Learning Innovation Teaching Resources
Teaching with Technology
Teaching with technology can deepen student learning and engagement with materials. However, it is important to select the right type of tech tools for the specific subject, classroom, and student dynamic without losing sight of the goals in student learning. By “technology,” this page refers to advancements in methods/tools to solve problems and achieve a goal. In the classroom environment, technology can encompass low-tech means such as pencils, paper, or whiteboards or higher-tech tools such as smartboards, online collaboration and conferencing programs.
How to implement it
It’s important to remember technology should aid in the act of learning. While it is natural to think of the tool itself as a starting point, the use of instructional technology is more likely to be effective at facilitating student learning and increasing your own productivity if it is integrated carefully. Technology should never be used for the sake of using technology.
To successfully incorporate new technologies into the classroom, consider the following questions:
- What do you expect students to learn from your course and what technology tools can
assist in achieving those goals?
- How skilled and experienced are you in using technology and how can technology tools
assist in your role as instructor? If you do not have experience in a particular type
of technology, can it be incorporated into the classroom slowly and effectively?
- What are your students’ previous experiences with technology and their expectations
and access to technology? In what ways will this technology assist in their learning
and success in the course?
- Which types of technology are appropriate for students, course content, and teaching styles?
Examples of technologies in the classroom
- Online platforms. LBCC officially supports the Moodle platform for all classes. Platforms help strengthen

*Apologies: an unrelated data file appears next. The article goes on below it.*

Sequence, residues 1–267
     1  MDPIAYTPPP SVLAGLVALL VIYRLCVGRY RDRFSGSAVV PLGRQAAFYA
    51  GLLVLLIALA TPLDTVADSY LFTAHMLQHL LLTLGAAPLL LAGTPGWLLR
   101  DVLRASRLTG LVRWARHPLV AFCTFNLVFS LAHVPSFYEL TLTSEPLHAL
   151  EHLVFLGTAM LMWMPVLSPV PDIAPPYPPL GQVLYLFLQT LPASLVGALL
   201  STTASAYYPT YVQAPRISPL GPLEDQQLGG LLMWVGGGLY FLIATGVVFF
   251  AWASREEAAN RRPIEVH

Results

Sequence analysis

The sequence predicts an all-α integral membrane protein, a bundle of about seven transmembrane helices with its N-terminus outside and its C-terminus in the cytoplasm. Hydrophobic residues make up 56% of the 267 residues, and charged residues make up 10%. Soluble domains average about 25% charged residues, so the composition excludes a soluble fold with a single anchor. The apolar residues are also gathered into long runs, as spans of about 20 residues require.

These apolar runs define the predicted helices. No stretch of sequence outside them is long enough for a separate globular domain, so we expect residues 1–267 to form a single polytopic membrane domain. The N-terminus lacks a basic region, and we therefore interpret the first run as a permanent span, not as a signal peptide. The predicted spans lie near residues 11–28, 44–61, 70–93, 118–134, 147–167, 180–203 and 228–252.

student learning objectives through posting of materials, discussion boards, online
conferencing, and easy contact between instructor and student.
- Online collaboration tools, such as those in Google Apps, allows students and instructors to share documents
online, edit them in real time, and project them on a screen, allowing students to
brainstorm ideas and document their work using text and images.
- Presentation software (such as Powerpoint) enables instructors to integrate photographs, diagrams, videos
and sound files to accent text and verbal lecture content. These materials can be
shared for students to review after class.
- Clickers and smartphones are a quick and easy way to survey students during class. This is great for instant
polling, which can quickly assess students’ understanding and help instructors adjust
pace and content.
- Lecture-capture tools such as Panopto allow instructors to record lectures directly from their computer,
without elaborate or additional classroom equipment. Consider recording your lectures
as you give them and then uploading them for students to re-watch. Studies show posting
recorded lectures does not diminish attendance and students appreciate the opportunity
to review lectures at their own pace.
- Synchronised meeting platforms such as Zoom or GotoMedia allows instructors to hold digital office hours and record lectures for students to assist in conflicting schedules and other real-life concerns the community college student might face. This also allows ease of access for instructors to communicate with students without commuting.
Example of Technology in the Classroom at LBCC: Scale Up Classroom
Scale Up Classrooms, or Student-Centered Active Learning Environment with Upside-Down Pedagogies, improve learning experiences and outcomes for university large enrollment classes (100+) in physics. They have been adapted in many environments, including LBCC, where they are used to increase active learning opportunities for our large enrollment (35+) classes in the social sciences.
For more information, visit the SCALE-UP Classrooms at LBCC information page.
Wired Campus, The Chronicle of Higher Education
ProfHacker: Teaching, Tech, and Productivity, The Chronicle of Higher Education
Teaching with Technology, Center for Research on Learning and Teaching, University of Michigan
Learning Technologies, Centre for Teaching, Learning and Technology, University of British Columbia